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Discussion Starter · #1 ·
Well, I broke down and bought a KK 6' tiller. I have their RFM and it has done very well over the past 3 seasons. So for almost half the cost my dealer was quoting me on a Befco I bought the KK.

It is marketed as 6' but is 68" in working width. It seems heavy enough at just over 700lbs. It comes with a slipper clutch drive line and is all gear drive.

I used it for about an hour and a half this morning. Set at about 4" of depth for the first pass the tractor and the tiller worked quite well. The area is about 50' X 80' and 100' X 120'. Pictures are below. The ground had been broke a few months ago so I did try an area that has not been broke in over 10 years. Same result, smooth and easy.

The tiller was $1299 and so far I think will be a good value. After lunch I am going to make a 2nd pass and that should finish it up.

For the winter the garden area will be cover with a layer of manure and then a layer of hay, all to be tilled in next spring.
 

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Looks like you got a good deal on pretty good sized tiller.

I will be in the market for a much smaller tiller next year, and will look into the KK line.
 

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Discussion Starter · #7 ·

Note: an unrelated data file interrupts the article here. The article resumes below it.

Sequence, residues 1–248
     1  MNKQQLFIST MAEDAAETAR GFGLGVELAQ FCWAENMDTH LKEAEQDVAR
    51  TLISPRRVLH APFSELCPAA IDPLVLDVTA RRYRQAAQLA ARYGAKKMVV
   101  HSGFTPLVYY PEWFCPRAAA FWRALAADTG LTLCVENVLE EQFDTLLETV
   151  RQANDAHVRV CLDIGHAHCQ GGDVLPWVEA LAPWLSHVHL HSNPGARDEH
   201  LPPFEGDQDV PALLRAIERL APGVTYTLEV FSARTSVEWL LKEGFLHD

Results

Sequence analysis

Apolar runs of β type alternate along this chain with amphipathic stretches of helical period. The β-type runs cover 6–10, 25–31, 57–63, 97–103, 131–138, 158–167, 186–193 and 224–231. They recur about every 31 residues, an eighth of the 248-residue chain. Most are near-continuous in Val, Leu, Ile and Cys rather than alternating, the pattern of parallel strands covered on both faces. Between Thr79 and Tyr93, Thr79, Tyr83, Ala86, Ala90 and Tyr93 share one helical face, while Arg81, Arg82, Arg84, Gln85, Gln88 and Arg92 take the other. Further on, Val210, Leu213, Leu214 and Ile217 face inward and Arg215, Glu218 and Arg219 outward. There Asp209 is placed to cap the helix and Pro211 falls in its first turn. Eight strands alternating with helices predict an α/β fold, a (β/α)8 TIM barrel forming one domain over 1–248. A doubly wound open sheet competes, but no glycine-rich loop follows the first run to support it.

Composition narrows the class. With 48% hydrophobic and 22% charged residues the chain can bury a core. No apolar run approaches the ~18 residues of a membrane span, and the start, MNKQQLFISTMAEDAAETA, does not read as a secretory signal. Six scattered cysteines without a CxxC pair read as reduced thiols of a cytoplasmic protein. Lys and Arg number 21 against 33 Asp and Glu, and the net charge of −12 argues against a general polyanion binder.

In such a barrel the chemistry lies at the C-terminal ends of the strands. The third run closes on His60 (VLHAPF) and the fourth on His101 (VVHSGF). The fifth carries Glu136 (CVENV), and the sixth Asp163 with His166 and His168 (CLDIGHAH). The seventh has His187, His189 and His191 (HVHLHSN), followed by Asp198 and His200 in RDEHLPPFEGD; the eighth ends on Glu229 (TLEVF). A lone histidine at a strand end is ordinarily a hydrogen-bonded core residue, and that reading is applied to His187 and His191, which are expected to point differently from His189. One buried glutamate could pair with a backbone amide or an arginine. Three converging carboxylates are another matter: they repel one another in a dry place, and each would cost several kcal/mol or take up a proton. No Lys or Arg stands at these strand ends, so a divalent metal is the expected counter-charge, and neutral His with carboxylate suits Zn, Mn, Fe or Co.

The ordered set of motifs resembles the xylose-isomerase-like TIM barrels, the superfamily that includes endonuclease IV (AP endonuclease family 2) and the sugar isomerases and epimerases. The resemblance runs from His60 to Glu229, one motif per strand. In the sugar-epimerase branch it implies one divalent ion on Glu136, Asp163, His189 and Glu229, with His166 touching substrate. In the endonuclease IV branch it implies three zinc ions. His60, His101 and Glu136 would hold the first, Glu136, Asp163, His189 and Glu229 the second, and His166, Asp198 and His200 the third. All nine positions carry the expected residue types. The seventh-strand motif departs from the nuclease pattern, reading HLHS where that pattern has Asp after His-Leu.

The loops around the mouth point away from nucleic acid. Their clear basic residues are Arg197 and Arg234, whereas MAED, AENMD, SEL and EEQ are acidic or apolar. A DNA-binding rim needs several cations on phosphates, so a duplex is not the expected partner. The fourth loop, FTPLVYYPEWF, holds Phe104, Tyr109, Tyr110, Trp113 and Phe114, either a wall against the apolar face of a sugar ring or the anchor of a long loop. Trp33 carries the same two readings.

R G, I took a ruler and it is about 4.5" deep. That was the shallowest I could find. That is basicly scratching the surface. The next pass will be at full depth. Isn't that how it should work or can I go at full depth on the first pass? The only other tiller I have used was a Troybuilt walk behind and you couldn't go straight to full depth.

It sure did make a dusty mess of me and the tractor.
 

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Sorry psrumors...I thought that was your finished product....That's the one thing about field work....it's sure to leave you and your tractor a mess...a hose and adequate supply of water will remedy both:D
 

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Discussion Starter · #9 ·
absolutely no apology necessary. I didn't have a chance to make a second pass today but am sure I could have made my first pass deeper with no adverse effects. Maybe I will have a chance to do some more tilling mid week and will report back.
 

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I find in dry dusty conditions it is much quicker to use a leaf blower to give the tractor a basic cleaning. It's not wash quality, but it's a lot faster and fine for a quick overnight trip to the garage when it's just gonna get dirty again the next day.
 

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Originally posted by GreenMtnMan
I find in dry dusty conditions it is much quicker to use a leaf blower to give the tractor a basic cleaning. It's not wash quality, but it's a lot faster and fine for a quick overnight trip to the garage when it's just gonna get dirty again the next day.
Yup, I fire up my Echo blower after finish mowing or brush hogging. Keeps a lot of debris outside instead of inside.
 
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